You mean this place we go to five days a week has a history? Cubed reveals the unexplored yet surprising story of the places where most of the world's work—our work—gets done. From "Bartleby the Scrivener" to The Office, from the steno pool to the open-plan cubicle farm, Cubed is a fascinating, often funny, and sometimes disturbing anatomy of the white-collar world and how it came to be the way it is—and what it might become.
In the mid-nineteenth century clerks worked in small, dank spaces called “counting-houses.” These were all-male enclaves, where work was just paperwork. Most Americans considered clerks to be questionable dandies, who didn’t do “real work.” But the joke was on them: as the great historical shifts from agricultural to industrial economies took place, and then from industrial to information economies, the organization of the workplace evolved along with them—and the clerks took over. Offices became rationalized, designed for both greater efficiency in the accomplishments of clerical work and the enhancement of worker productivity. Women entered the office by the millions, and revolutionized the social world from within. Skyscrapers filled with office space came to tower over cities everywhere. Cubed opens our eyes to what is a truly "secret history" of changes so obvious and ubiquitous that we've hardly noticed them. From the wood-paneled executive suite to the advent of the cubicles where 60% of Americans now work (and 93% of them dislike it) to a not-too-distant future where we might work anywhere at any time (and perhaps all the time), Cubed excavates from popular books, movies, comic strips (Dilbert!), and a vast amount of management literature and business history, the reasons why our workplaces are the way they are—and how they might be better.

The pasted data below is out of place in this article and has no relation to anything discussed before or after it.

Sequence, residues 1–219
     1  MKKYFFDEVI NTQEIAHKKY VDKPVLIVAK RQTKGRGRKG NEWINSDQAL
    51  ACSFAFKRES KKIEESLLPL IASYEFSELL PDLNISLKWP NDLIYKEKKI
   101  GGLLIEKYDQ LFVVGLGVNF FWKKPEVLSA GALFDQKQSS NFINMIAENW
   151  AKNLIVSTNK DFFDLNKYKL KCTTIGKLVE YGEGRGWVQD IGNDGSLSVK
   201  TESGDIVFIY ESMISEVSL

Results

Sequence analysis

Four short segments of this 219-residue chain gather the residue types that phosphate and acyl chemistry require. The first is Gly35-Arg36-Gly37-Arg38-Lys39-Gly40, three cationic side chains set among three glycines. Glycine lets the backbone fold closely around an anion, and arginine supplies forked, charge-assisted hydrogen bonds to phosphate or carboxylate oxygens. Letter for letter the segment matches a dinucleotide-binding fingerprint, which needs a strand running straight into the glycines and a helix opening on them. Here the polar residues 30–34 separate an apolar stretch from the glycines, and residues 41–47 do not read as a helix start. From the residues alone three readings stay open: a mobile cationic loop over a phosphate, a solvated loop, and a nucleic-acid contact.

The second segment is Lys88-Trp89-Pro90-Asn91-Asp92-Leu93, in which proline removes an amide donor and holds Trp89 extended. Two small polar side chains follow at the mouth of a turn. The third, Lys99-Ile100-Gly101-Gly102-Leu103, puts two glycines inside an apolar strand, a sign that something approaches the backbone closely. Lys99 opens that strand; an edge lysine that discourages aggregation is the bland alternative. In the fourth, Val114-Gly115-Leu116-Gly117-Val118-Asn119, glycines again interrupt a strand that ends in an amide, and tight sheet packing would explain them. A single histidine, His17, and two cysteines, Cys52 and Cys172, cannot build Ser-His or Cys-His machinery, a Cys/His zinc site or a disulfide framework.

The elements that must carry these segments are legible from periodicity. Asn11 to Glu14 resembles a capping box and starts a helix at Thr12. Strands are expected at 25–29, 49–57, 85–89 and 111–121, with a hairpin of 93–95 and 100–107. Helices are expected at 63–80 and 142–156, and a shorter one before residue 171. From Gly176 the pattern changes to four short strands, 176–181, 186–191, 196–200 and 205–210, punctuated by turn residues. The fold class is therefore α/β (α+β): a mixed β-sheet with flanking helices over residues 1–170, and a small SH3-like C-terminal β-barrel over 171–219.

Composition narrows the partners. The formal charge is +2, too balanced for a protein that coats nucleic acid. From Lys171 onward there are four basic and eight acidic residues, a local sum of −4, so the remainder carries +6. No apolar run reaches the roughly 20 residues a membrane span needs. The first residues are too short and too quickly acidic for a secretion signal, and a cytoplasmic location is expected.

"... Excellent ... fresh and intellectually omnivorous ... Saval is a vigorous writer, and a thoughtful one. What puts him above the rank of most nonfiction authors, even some of the better ones, is that he doesn’t merely present information. He turns each new fact over in his mind, right in front of you, holding it to the light."
—Dwight Garner, The New York Times
"Cubed is...a pleasure to read: beautifully written and clearly organized. Since many Americans now, women as well as men, spend more than half their waking hours at work, it's also an important exploration."
—Richard Sennett, The New York Times Book Review
"Lush, funny, and unexpectedly fascinating ... [G]enius ... Cubed stands as one of those books readers can open to any page and find the kind of insight they’ll want to yank strangers out of their bus or subway seats and repeat ... [A] beautifully written, original, and essential masterpiece."
—Jerry Stahl, Bookforum